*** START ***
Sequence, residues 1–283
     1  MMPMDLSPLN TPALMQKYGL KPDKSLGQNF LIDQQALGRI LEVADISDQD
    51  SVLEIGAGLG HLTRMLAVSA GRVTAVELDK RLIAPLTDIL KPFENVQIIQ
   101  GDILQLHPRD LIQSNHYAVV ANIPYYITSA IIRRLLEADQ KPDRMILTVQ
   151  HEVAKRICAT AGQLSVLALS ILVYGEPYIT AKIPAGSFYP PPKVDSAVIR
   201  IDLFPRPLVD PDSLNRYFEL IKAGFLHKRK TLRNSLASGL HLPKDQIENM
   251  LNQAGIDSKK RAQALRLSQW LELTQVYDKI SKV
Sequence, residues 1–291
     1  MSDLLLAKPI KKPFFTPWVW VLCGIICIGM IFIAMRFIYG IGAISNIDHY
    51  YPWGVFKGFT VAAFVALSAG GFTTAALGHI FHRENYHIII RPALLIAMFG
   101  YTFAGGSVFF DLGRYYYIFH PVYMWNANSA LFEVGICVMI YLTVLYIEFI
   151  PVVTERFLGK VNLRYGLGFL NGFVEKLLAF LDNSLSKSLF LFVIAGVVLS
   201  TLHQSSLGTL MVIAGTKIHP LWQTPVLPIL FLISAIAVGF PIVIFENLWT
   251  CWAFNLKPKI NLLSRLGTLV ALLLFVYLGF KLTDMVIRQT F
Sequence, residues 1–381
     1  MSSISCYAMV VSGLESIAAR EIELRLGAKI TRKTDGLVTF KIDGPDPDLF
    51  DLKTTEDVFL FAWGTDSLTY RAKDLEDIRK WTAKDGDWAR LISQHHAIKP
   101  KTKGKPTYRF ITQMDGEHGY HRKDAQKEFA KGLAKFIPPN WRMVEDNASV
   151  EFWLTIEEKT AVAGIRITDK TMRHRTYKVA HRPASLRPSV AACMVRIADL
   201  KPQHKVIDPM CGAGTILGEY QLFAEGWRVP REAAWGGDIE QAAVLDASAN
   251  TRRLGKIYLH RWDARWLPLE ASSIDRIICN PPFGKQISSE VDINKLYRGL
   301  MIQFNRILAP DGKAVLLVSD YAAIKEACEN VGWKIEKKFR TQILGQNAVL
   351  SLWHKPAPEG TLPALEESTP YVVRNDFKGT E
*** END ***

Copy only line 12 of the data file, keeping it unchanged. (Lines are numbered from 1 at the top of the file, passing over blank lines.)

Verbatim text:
   151  PVVTERFLGK VNLRYGLGFL NGFVEKLLAF LDNSLSKSLF LFVIAGVVLS